One of the progenitors of the `80s Cowpunk movement, the Lonesome Strangers spent the better part of two decades laying out their own brand of roots-inspired twang. Without question one of the more innovative acts to emerge from the era's roots scene, the Lonesomes scored a minor Top 40 country hit with a cover of Johnny Horton's "Goodbye Lonesome, Hello Baby Doll," hit the road as the opening act for Yoakam, and also added vocals to his album Buenos Notches From a Lonely Room. After three better-than average albums (and a should-have-been novelty hit "We Use to Fuss") the band finally went belly-up in 1998, and Weeks went to work as a serious songwriter as opposed to playing in a band. A tough way to earn a steady paycheck, Weeks struck gold almost immediately when his contribution to Lucinda Williams's Car Wheels On a Gravel Road, "Can't Let Go," was nominated for a Grammy. Meanwhile he hit the studio and went to work on his first solo disc, Madeline (Hightone).

"The Lucinda Williams thing helped me out a bit," Weeks confesses. "I was doing the album and hoping for some radio play, but I figured it was kind of a long shot. After Lucinda I thought I might get more opportunities and I've had some because of it. And I can't feel too bad about all that happening. I wouldn't mind having other people sing my songs, or doing some soundtrack work and maybe making a living doing this."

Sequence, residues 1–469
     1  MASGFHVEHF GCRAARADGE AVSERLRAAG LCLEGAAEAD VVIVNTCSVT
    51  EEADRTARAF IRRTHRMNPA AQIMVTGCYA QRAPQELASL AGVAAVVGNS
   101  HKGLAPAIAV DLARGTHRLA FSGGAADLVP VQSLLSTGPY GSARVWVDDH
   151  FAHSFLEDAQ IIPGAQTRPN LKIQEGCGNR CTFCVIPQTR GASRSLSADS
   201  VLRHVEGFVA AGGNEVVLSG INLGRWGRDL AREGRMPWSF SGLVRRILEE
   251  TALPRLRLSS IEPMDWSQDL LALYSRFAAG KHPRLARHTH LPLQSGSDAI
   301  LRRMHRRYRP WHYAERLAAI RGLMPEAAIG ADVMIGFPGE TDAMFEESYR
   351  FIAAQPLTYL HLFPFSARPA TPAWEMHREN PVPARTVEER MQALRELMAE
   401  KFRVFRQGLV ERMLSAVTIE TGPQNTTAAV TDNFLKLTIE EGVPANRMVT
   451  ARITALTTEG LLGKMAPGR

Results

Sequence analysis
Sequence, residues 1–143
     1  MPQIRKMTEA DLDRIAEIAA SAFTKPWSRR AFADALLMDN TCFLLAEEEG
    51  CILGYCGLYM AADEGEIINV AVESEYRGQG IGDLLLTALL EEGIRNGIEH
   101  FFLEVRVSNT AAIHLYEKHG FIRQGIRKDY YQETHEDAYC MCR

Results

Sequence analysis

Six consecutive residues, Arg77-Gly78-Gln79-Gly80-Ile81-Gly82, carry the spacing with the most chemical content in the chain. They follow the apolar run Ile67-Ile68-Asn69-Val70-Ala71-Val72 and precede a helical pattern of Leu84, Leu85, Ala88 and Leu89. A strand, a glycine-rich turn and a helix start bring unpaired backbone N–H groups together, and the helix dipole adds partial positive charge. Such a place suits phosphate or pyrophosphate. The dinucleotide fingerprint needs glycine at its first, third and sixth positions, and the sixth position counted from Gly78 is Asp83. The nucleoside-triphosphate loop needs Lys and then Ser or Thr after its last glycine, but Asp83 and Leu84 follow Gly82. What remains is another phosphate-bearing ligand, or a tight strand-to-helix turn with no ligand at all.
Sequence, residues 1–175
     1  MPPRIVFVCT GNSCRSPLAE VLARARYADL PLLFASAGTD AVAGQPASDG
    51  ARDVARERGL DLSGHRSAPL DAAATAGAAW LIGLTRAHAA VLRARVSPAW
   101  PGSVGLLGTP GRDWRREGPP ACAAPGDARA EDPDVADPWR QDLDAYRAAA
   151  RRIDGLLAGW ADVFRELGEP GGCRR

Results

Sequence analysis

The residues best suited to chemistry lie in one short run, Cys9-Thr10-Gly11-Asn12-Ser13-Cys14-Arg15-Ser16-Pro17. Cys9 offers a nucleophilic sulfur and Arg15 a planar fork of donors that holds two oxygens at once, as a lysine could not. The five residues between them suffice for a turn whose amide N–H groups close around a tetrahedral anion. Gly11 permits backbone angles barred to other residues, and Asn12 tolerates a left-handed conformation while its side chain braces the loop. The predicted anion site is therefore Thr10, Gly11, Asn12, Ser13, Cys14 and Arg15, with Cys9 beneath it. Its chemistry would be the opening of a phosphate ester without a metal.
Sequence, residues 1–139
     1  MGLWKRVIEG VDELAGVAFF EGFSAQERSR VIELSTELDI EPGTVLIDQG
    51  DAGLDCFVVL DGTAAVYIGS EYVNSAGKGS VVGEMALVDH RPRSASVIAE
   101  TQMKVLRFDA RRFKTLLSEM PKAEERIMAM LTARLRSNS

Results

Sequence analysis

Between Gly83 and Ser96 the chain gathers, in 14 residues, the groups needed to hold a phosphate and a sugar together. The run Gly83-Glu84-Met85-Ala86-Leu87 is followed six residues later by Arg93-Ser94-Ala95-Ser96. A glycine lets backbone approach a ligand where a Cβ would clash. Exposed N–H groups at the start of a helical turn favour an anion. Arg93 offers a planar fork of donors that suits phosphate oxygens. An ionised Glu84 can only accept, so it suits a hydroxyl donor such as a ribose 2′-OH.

Released in March of last year, Madeline makes a pretty strong case for Weeks not only as an emerging songwriter, but also picks up on the experimental continuum started all those years ago with the Lonesome Strangers. With a top-flight band comprised of guitarist Tony Gilkyson (Lone Justice, X), drummer Don Heffington (Emmylou Harris), bassist Kip Boardman, and augmented by an all-star cast of LA musicians (including Teddy Morgan, Yoakam organist Skip Edwards and the Blazers' Manny Ramirez), there isn't much that Weeks isn't willing to take on, and he reaches across a fairly broad expanse of influence and style to deliver the word. Singing about the universal staples of love, loss, and life, Madeline touches on everything from classic Stax and Muscle Shoals soul ("Baby You Got To Choose," and "If I Cut You"), Mid-Seventies riff rock ("Motor City"), the chooglin' back-country swamp of Creedence Clearwater Revival ("Long Ride Home"), and smarter-than-the-average-bumpkin southern rock ("Can't Let Go"). The sum of the parts are pulled together by Weeks reedy, dry vocal delivery, and storytelling that is precise in each instance. Ultimately it is the all-around understatement that makes the songs on Madeline work so well together; you have to believe he knows exactly what he's doing in each instance. It isn't a roll of the dice if you're absolutely sure that what you are doing is the proper thing, and Randy Weeks has few doubts these days.

"It's probably a terrible idea from a marketing point," says Weeks of the album's variety. "But it is more interesting to me. I was totally influenced by all these things. The whole songwriting process is pretty confusing to me, to tell you the truth. Each song, it's always different.

"The idea now is just to make some albums and stay true to what I like. I don't have to make a ton of money, I'd just like to stay away from the day job if possible."

Randy Weeks appears this Saturday, February 24, at 8 p.m. at the Performing Arts Center of Worcester, 6 Chatham Street, Worcester. Tickets are $8. Call (508) 752-0700.